22:21 GMT21 October 2020
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    Coronavirus Outbreak Turns Into Pandemic (233)
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    Several environmental agencies have blasted government efforts to curb a key factor leading to rising deaths amid the Coronavirus pandemic, with representatives urging leaders to step up measures against both threats to European public health.

    Polluted cities could be a risk factor in the fight against COVID-19, the European Public Health Alliance announced earlier this week.

    People living in cities affected by high pollution levels were already at at risk for "hypertension, diabetes and respiratory diseases" which doctors have begun linking to "higher mortality rates for COVID-19", the alliance said.

    Patients in regions with moderate air pollution levels were 84 percent more likely to die from the SARS coronavirus than regions with low pollution levels, it reported, citing a 2003 study.

    Dr Sara De Matteis, European Respiratory Society Environmental Health Committee member and associate professor of occupational and environmental medicine at Cagliari University in Sardinia, Italy, said that despite urban air quality improving in the last 50 years, petrol and diesel emissions remained "a serious problem".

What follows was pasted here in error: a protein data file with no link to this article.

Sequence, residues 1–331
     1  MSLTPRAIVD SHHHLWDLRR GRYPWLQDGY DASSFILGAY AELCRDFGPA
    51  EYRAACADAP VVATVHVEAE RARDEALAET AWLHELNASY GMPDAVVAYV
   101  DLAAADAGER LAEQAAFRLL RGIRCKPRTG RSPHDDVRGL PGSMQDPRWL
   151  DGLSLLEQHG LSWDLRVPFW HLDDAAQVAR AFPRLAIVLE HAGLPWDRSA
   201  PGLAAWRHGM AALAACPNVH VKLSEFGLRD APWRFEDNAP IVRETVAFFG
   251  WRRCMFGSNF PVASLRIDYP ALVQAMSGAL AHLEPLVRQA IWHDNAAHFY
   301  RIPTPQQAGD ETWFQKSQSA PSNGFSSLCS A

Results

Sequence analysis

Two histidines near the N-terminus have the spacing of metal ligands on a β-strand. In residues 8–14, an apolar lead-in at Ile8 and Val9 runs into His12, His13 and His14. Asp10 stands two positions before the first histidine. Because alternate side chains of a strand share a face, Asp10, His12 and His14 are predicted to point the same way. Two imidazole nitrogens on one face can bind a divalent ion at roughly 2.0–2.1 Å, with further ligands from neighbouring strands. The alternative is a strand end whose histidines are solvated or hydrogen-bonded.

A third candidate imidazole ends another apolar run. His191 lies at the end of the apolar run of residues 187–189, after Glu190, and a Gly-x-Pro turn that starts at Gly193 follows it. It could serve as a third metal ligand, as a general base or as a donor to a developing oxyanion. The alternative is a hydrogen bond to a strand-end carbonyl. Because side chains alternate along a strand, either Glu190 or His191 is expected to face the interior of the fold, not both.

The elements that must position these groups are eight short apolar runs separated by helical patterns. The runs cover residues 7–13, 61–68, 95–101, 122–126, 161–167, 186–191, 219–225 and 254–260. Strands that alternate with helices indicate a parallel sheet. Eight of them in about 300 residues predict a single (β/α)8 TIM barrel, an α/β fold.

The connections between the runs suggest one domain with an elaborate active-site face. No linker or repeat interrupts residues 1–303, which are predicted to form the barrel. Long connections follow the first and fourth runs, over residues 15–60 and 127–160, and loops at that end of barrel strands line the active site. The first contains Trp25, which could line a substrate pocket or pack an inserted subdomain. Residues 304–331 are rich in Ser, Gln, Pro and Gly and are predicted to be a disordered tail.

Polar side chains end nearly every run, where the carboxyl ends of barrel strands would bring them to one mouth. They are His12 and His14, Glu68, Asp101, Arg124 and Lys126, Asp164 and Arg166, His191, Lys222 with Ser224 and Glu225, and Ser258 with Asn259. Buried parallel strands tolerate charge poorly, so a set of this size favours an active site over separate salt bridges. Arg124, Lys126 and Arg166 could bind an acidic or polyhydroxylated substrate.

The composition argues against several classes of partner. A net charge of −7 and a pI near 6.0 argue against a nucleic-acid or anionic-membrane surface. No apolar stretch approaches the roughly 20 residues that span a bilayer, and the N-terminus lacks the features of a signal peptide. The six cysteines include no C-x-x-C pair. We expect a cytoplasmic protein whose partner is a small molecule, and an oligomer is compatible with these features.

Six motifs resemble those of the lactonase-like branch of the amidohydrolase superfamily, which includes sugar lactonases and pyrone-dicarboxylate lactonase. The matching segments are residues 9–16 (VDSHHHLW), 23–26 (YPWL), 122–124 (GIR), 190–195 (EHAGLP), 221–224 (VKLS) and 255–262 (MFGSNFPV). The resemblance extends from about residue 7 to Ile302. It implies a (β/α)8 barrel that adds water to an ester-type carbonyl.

She said: "Patients with chronic lung and heart conditions caused or worsened by long-term exposure to air pollution are less able to fight off lung infections and more likely to die.

    Lowering air pollution levels can help "the most vulnerable" in tackling the pandemic, as well as future ones, she concluded.

    A major hotspot for coronavirus deaths was Northern Italy, where urban pollution was a major risk factor due to high diesel vehicle usage, leading to raised nitrogen dioxide (NO2) and ground-level ozone (O3).

    Over 71 infringement procedures against EU member states were underway over subpar air quality standards, according to the figures.

    COVID-19 and Links to Improving Air Quality

    Despite concerns over the pandemic, recent satellite images revealed a drastic reduction in NO2 levels in Milan, Lombardy, Dr Matteis tweeted in early March.

    ​EPHA acting secretary-general Sascha Marschang said in a statement that despite air quality improving in Italy, damage had "already been done to human health and people's ability to fight off infection". 

    Marschang slammed governments for failing to tackle chronic air pollution "long ago" and prioritising the economy over health by "going soft on the auto industry".

    He concluded: "Once this crisis is over, policymakers should speed up measures to get dirty vehicles off our roads. Science tells us that epidemics like Covid-19 will occur with increasing frequency. So cleaning up the streets is a basic investment for a healthier future."

    Anna Gerometta, President of the European Environmental Bureau member Cittadini Per L'aria (Citizens for the Air) group wrote that, despite acknowledging that it was too soon to draw conclusions, concentrations of particulate matter in Lombardy, namely PM10 and PM2.5, and [NO2] "have been almost constantly well beyond the legal limits" from December last year to early February.

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